Peering deep into the vast stellar halo that envelops our Milky Way galaxy, astronomers using NASA’s Hubble Space Telescope have uncovered tantalizing evidence for the possible existence of a shell of stars that are a relic of cannibalism by our Milky Way.
Hubble was used to precisely measure, for the first time ever, the sideways motions of a small sample of stars located far from the galaxy’s center. Their unusual lateral motion is circumstantial evidence that the stars may be the remnants of a shredded galaxy that was gravitationally ripped apart by the Milky Way billions of years ago. These stars support the idea that the Milky Way grew, in part, through the accretion of smaller galaxies.
Finding the stars was meticulous work. Each Hubble image contained more than 100,000 stars. Astronomer Roeland van der Marel says, "We had to somehow find those few stars that actually belonged to the Milky Way halo. It was like finding needles in a haystack.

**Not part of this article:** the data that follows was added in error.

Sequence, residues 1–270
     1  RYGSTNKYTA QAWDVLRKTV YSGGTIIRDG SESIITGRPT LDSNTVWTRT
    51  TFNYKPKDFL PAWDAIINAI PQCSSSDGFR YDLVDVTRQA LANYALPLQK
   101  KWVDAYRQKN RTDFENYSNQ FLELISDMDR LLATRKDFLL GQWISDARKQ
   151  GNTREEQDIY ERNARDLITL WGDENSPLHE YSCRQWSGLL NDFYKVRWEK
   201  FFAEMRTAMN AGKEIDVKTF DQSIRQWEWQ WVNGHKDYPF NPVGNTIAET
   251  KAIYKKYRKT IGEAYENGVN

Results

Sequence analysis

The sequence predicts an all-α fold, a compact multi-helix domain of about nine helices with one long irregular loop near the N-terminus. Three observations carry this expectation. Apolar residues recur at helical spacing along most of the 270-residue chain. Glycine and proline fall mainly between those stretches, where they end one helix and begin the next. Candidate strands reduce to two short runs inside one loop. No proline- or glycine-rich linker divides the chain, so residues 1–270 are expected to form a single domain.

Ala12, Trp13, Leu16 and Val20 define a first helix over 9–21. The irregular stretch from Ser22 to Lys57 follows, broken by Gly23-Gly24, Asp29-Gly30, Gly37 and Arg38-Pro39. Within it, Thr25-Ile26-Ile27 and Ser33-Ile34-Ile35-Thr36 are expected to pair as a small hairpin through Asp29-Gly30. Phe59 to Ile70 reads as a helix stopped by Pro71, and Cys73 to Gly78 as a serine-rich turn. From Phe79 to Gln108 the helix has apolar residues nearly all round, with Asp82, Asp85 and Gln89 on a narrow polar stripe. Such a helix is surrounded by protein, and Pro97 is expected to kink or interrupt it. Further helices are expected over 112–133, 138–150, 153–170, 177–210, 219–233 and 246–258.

"Hubble’s unique capabilities are allowing astronomers to uncover clues to the galaxy’s remote past. The more distant regions of the galaxy have evolved more slowly than the inner sections. Objects in the outer regions still bear the signatures of events that happened long ago."
We’re going to discuss this in more detail at our extraordinary Revelations Nashville Symposium, May 17-19–a weekend with three of the most extraordinary thinkers in the world. Each speaker performs two events. To get your tickets, click here. The price includes breakfast Saturday and Sunday and lunch on Saturday.
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